Time and cycles

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Time-based economic forecasting is unfashionable. Until the mid-twentieth century, economists were sympathetic to the idea that business activity and prices fluctuate in regular cycles. The majority view today is that booms / busts reflect policy errors, market failures or supply-side shocks: cycles still occur but they are unpredictable. The behaviour of the global economy in recent years, however, is explicable in terms of the old fixed-length cycles. The approach suggests that another significant economic downswing will occur in 2016.

According to the old approach, there is no single “business cycle”. Observed growth fluctuations, instead, are the product of separate cycles in different parts of the economy. The three main cycles are: the 3-5 year Kitchin cycle in stockbuilding; the 7-11 year Juglar cycle in business investment; and the 15-25 year Kuznets building cycle. Each cycle is named after the economist who “discovered” it.

Recessions almost always involve significant weakness in business investment. In the US, recessions occurred in 1981-82, 1990-91, 2001 and 2008-09, according to the National Bureau of Economic Research. The spacing, clearly, fits the 7-11 year periodicity of the Juglar cycle.

The severity of recessions, however, depends on the direction of the other cycles. In 2008-09, a Juglar downswing coincided with the weak phase of the Kitchin stocks cycle and the final stages of a downswing in the longer-term Kuznets building cycle. The previous occurrence of simultaneous weakness in the three cycles was in 1974-75. Global industrial output fell by 13% from peak to trough in 2008-09 and by 12% in 1974-75 – much larger declines than in other post-World War Two recessions.

In the early 2000s, by contrast, the recessionary impulse from the Juglar investment cycle was moderated by an upswing in the Kuznets building cycle. The 2001 US recession was unusually mild, while the UK avoided any fall in output. Central bankers attributed this benign result to their policy-making brilliance, a belief that contributed to complacency during the credit bubble and the initial stages of the subsequent bust.

The short-term Kitchin stocks cycle is usually associated with minor growth fluctuations, unless reinforced by the other cycles. Such fluctuations, however, can still have a significant impact on financial markets. The last Kitchin cycle downswing occurred in 2011-12: the global economy hit a soft patch and equities fell by 23%. The weak cyclical backdrop contributed to the Eurozone crisis.

What do the cycles suggest about current economic prospects? The last Juglar cycle downswing began in 2008 so the next one is scheduled to occur between 2015 and 2019. The Kitchin cycle is due to enter another weak phase in 2015-16. A recession will be likely if the two downswings coincide. The most probable year for a recession is 2016, since the Kitchin cycle will embark on another upswing in 2017-18, offsetting Juglar cycle weakness.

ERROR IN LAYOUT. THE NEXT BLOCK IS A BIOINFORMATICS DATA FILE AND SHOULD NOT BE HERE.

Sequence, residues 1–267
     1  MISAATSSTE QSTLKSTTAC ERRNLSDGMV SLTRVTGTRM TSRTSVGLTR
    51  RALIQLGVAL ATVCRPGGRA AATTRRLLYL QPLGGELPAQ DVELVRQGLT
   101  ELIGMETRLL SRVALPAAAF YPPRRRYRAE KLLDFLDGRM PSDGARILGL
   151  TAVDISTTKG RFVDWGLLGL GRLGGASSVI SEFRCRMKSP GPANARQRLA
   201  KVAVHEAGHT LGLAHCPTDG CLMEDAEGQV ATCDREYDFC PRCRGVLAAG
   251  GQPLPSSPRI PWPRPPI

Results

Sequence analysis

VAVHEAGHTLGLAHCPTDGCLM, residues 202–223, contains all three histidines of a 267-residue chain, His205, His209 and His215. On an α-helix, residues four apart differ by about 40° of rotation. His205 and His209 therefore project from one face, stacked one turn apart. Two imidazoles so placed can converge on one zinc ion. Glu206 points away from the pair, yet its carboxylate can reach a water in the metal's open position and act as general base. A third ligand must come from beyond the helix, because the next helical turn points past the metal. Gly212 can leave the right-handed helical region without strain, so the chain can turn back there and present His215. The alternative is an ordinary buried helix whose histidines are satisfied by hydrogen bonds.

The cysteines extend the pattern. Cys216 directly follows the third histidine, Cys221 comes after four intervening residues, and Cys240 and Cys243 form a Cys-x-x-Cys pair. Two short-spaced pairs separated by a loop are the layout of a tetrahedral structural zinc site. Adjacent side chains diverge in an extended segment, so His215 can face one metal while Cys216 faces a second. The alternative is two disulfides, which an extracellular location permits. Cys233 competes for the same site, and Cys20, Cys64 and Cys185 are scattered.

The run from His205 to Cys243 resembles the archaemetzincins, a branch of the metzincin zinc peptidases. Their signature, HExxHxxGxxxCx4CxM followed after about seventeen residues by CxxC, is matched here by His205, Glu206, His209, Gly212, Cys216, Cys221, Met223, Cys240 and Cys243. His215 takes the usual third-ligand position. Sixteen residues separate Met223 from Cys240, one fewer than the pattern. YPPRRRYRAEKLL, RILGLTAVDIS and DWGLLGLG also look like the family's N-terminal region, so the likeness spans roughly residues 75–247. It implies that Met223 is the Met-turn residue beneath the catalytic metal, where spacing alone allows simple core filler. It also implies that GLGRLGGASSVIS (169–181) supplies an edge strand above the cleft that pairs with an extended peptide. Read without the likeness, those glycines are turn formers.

Thankfully, any such recession should be of average severity or even mild because the longer-term Kuznets building cycle will remain in an upswing until the early 2020s, at least. The “great recession” of 2008-09 was a once-in-a-generation event resulting from a rare confluence of the three cycles. The next boom / bust episode will be painful but not system-threatening.

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  • Anonymous

    This is more than a tad interesting, if somewhat depressing, for people who live in Ontario, Canada. Mr. Sousa, the Ontario Finance Minister, is forecasting a larger budget deficit for 2014-2015 at $12.5 billion, even though the economy is recovering or expanding, depending on whether one looks at GDP per capita or GDP tout court. In 2015-16 he sees an $8.9 billion deficit and in 2016-17 a $4.3 billion deficit, much bigger declines in the deficit in each year than the Liberals have ever achieved in their 11 years in office. How will this be possible if the economy weakens sometime in 2015 and goes into recession in 2016? Obviously it won’t. Let’s hope that Simon Ward is wrong about this but he has had a good track record with other forecasts. Andrew Baldwin

  • Michael

    An even better, and more accurate, analysis of cycles has been done by Martin Armstrong (Armstrong Economics – see his blog). The downturn will start next year and I really hope it is only “average” severity, although this is not what his model suggests.

  • Anonymous

    Thank you for the reference, Michael. I will check out his site.

  • Anonymous

    Thanks, Sam. Yes, it was a poor start to their regime indeed, to start inflating a housing bubble. Norma Bob Rae should have limited his question to personal debt as you say, so he wouldn’t have given Harper an out.
    Best regards,

    Andrew

  • Noo 2 Economics

    This is a very interesting site. I shall be spending a considerable amount of time on it in the coming weeks – Thanks for mentioning it!